1 tablespoonful water
1 teaspoonful vanilla extract
1 level teaspoonful baking powder
Enough flour to make a dough and roll out thin on board.
Cream butter and sugar thoroughly together with a wooden spoon. Beat eggs until very light, add to creamed mixture, beat well, add water and extract.
To one-half cupful of sifted flour add baking powder and sift into other ingredients, beat until light, and then add enough flour to make a soft dough, about two level cupfuls.
Turn out onto a floured baking board, knead lightly, roll out very thin, cut out with a cookie cutter and bake in a quick oven (375°F) for ten minutes.
These cookies are as good at six weeks as when baked. One tablespoonful of crushed caraway seeds may be substituted for vanilla extract. Sufficient for fifty cookies. —Katharine Lawrence, Ryzon Baking Book, 1917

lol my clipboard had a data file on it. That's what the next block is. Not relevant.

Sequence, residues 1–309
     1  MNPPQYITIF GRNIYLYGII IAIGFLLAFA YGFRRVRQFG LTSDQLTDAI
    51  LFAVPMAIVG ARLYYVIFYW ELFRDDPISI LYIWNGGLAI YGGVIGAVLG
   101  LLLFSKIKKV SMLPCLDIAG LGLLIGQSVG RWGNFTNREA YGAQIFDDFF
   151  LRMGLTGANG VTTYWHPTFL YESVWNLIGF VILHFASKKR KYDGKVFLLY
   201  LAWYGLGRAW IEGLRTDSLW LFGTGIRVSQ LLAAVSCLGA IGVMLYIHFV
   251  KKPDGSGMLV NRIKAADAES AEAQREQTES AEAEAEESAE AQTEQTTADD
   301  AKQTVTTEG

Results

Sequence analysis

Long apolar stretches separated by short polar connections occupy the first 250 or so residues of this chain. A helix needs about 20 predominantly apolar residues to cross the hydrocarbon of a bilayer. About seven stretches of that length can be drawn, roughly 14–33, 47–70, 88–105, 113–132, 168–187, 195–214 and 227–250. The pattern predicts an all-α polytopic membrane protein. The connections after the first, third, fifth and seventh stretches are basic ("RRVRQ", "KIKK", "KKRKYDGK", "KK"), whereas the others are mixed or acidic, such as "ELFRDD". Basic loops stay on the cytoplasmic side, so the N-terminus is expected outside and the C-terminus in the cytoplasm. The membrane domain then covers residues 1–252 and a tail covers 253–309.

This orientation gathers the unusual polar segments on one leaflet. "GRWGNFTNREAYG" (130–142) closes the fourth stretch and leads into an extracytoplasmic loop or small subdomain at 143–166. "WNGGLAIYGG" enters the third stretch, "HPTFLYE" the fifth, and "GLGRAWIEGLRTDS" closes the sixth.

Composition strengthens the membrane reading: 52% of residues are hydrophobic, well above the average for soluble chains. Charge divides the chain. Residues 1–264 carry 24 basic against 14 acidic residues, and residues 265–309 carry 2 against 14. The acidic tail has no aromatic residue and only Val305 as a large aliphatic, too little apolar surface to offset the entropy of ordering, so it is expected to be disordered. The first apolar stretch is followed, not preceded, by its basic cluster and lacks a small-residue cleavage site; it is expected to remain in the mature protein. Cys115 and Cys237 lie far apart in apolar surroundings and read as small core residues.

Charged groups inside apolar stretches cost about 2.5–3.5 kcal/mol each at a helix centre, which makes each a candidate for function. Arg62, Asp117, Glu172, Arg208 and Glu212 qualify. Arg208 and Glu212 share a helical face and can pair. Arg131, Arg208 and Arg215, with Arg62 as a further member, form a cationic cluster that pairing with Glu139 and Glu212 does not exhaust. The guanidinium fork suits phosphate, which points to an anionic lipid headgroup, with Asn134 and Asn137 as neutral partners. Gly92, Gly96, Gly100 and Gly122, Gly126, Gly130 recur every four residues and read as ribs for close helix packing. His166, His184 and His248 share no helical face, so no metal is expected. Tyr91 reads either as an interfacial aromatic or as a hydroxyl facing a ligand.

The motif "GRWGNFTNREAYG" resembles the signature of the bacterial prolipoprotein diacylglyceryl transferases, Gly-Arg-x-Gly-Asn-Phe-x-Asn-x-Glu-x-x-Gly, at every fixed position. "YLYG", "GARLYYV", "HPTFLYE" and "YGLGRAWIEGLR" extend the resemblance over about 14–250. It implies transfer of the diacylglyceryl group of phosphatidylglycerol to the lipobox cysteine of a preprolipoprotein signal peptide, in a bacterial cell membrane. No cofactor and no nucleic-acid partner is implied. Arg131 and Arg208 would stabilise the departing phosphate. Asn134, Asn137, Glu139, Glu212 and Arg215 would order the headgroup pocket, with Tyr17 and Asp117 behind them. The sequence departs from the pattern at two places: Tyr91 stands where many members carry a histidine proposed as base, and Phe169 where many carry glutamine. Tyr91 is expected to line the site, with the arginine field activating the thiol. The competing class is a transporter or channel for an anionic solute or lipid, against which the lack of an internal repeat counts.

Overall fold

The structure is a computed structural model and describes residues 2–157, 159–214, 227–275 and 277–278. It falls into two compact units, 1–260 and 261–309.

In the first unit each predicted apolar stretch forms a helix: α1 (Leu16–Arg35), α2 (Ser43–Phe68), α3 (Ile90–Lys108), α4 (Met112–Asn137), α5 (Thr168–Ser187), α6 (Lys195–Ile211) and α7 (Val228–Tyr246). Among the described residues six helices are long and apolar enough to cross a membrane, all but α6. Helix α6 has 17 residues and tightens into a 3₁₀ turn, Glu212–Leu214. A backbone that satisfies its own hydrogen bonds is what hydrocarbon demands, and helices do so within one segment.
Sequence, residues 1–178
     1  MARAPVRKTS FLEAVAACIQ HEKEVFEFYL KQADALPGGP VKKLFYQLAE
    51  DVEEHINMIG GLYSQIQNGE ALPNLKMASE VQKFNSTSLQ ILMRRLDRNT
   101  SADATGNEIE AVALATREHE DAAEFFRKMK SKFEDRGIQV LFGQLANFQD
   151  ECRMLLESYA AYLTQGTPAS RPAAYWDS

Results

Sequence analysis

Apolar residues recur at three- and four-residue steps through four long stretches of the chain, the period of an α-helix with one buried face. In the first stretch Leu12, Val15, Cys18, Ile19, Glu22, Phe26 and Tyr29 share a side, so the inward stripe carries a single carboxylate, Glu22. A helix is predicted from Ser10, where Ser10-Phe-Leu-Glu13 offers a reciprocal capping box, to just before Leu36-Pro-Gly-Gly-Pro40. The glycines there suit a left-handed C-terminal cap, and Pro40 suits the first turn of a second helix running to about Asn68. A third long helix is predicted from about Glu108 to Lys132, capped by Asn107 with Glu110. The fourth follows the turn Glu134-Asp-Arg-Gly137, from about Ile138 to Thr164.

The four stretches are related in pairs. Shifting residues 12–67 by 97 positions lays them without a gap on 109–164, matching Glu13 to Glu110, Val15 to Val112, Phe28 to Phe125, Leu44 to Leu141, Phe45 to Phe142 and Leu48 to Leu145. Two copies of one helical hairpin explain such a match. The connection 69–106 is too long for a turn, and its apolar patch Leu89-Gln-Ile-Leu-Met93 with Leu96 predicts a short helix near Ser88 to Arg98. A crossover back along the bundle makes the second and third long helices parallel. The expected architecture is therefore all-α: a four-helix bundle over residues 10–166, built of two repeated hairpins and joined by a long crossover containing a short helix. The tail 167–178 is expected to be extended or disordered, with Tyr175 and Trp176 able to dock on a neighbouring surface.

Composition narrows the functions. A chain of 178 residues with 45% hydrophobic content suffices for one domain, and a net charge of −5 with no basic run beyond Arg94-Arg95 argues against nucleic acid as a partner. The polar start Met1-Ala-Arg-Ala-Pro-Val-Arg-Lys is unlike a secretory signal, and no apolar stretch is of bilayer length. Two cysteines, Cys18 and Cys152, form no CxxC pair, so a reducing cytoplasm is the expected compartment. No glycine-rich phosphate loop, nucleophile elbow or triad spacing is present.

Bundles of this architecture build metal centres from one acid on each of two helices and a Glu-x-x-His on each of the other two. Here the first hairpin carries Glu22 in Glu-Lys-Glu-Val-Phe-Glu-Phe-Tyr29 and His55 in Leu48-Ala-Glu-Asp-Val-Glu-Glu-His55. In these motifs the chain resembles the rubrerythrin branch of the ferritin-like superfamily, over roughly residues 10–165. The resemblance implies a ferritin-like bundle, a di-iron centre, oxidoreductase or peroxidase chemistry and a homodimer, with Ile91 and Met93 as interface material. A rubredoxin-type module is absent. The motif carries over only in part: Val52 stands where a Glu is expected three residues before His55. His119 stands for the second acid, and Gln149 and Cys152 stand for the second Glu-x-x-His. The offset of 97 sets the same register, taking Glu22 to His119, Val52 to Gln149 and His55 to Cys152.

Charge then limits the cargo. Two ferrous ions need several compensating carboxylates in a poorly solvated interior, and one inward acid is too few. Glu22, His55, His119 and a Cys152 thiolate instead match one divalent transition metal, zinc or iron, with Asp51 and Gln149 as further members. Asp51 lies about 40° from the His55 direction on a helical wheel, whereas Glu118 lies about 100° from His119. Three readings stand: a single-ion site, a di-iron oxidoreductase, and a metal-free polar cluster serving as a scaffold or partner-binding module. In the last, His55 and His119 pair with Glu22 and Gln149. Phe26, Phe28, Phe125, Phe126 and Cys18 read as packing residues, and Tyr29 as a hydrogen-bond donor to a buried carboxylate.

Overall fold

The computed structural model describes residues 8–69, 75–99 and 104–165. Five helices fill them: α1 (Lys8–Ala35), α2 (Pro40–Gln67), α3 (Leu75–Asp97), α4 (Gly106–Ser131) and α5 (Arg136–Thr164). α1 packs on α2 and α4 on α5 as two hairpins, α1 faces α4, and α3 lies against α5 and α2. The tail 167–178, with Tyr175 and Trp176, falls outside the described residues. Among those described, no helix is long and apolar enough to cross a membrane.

The American Girl, Vol. V, No. 10 (1922)
It was in 1917 that the iconic Girl Scout cookies were first sold in the U.S. to finance activities of the Mistletoe Troop in Muskogee, Oklahoma.
The vanilla sugar cookies were originally baked at home by Girl Scout members under the watchful eyes of their mothers. The venture quickly became a fund-raising success story, and other troops began baking cookies to sell.
Later in 1922, the Girls Scouts of the USA published a standard cookie recipe in The American Girl magazine for making 6 to 7 dozen cookies with a suggested sale price of 30 cents per dozen.
The simple vanilla sugar cookies were baked by girls in troops across the nation, packaged in wax paper bags, sealed with a logo sticker, and sold door-to-door. And the rest as they say is history.
1 cup of butter
1 cup of sugar
2 tablespoons of milk
1 teaspoon of vanilla
2 cups of flour
2 teaspoons of baking powder